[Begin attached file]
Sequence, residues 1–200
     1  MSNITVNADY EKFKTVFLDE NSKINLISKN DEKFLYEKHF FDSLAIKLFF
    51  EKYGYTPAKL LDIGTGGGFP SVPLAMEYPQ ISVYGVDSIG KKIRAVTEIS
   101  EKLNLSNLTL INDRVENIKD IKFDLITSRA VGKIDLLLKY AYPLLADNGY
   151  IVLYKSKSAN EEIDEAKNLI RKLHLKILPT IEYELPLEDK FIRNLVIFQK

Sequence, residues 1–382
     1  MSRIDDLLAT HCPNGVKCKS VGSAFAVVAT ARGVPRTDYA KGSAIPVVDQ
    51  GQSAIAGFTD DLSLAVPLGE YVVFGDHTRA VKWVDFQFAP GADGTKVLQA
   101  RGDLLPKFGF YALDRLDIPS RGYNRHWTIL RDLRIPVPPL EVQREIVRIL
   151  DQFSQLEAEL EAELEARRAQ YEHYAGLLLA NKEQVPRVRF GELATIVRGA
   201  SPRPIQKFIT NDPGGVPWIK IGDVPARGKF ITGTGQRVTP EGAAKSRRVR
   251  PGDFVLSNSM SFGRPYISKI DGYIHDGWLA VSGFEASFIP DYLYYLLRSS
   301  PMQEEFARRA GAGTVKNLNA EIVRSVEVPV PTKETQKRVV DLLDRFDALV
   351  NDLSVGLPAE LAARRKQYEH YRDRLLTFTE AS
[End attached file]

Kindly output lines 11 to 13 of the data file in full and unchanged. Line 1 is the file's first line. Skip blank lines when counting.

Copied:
   201  SPRPIQKFIT NDPGGVPWIK IGDVPARGKF ITGTGQRVTP EGAAKSRRVR
   251  PGDFVLSNSM SFGRPYISKI DGYIHDGWLA VSGFEASFIP DYLYYLLRSS
   301  PMQEEFARRA GAGTVKNLNA EIVRSVEVPV PTKETQKRVV DLLDRFDALV